13. The Story of Emerging Scholars Programs (ESP) Why do (college) minority students fail in Calculus? (Uri Treisman, UC-Berkeley, 1970’s) Common guesses: • Poor preparation • Lack of motivation • Lack of family support • Socio-economic forces • Data: These guesses are all wrong! • (and all about the students.)

  14. The Story of Emerging Scholars Programs (ESP) Treisman’s observations: Successful Chinese-Amer. Students: • Worked alone, got stuck • Studied together • Helped each other • Formed social bonds that supported their STEM interests Unsuccessful Black Students: • High motivation, solid preparation • Excellent family support • Worked alone • Formed social bonds separate from STEM interests

  15. The Story of Emerging Scholars Programs (ESP) Treisman’s idea: Put students in positions where • they are challenged (not remediated) • they build social networks that support their interests in mathematics • they get “the good stuff”

  16. Research supporting ESPs Stereotype Threat (Steele & Aronson) Q: What affects underrepresented students’ performance? A: The thought that they are underrepresented. Replicated in sciences, math for minorities, women… Antidote: “This test doesn’t differentiate by race, gender, etc.”

  17. The Story of Emerging Scholars Programs (ESP) Workshop Model • students attend regular lectures • ESP workshops 4-6 hrs/wk • collaborative work on challenging problems • social events to create cohesion • helped by graduate TA and undergrad assistant Help students build social support networks related to STEM classes!

  18. The Story of Emerging Scholars Programs (ESP) ESP Results: • higher grades (0.5 to 1.0 higher GPA) compared with • historically matched groups • students who turn down ESP invite • other students in same lecture • lower drop-out rates • higher retention in STEM majors • more minority math majors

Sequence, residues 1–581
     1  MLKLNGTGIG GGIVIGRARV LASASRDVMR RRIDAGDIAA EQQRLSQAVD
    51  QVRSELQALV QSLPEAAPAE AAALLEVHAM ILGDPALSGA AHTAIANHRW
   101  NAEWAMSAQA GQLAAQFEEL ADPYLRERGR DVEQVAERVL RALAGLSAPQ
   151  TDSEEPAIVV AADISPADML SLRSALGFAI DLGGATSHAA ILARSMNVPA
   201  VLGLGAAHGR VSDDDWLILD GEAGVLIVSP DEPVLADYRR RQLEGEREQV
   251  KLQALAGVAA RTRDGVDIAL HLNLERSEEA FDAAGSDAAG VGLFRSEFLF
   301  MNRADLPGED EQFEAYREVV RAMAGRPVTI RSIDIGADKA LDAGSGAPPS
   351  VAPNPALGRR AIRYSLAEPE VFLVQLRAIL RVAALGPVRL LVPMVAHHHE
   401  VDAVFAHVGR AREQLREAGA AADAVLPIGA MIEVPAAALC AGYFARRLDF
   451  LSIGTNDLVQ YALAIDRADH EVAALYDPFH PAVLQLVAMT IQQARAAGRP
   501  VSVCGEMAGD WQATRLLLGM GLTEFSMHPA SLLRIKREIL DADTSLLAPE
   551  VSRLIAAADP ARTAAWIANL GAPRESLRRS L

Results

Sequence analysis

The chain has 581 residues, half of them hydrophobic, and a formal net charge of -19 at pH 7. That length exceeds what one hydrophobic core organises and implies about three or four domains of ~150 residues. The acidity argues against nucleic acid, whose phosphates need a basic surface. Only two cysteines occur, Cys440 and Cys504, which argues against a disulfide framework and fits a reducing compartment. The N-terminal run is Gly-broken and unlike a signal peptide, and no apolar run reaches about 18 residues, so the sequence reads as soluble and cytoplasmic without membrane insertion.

19. ESP at SMCM (small liberal arts college) SMCM (public liberal arts college, 2000 students) • Fall 2003: 10 African-Americans start Calc I • 5 drop, 3 C’s, 2 D’s • no Afr-Amer. or Latino/a math majors • Now: • > 50% of Afr-Amer. and Latino/a students get B or better in Calc I • 1-2 Afr-Amer. or Latino/a math majors each year!

  20. Guiding Philosophy Lessons of ESPs and SMCM • It’s not them, it’s us • Avoid remediation – psychologically damaging • Students rise to meet academic challenges – fill in holes when necessary • Influence students’ social interactions to support their academic performance What do these lessons mean for us? for you? We can get closer to fair!

  21. End of Act I You: (applause) Dave: Thanks, we’re going to take a short intermission, but before we go to Act II, are there any questions on Act I? You: Dave, this is interesting, but … (ad lib)

  22. Intermission Ellie (9 months)

  23. Teaching Mathematics for Social Justice Act II: Mathematics for Social Justice Sample Activity: Annual Hospital Report Administrator: 90% of patients who spend the night check out within a week. Nurses: 80% of the patients who stayed last night have been here over a year! Q: Can they both be right?

  24. Teaching Mathematics for Social Justice Both can be right! • Similar statistics hold for people: • welfare • unemployed • without health insurance • Your agenda determines the statistics you use!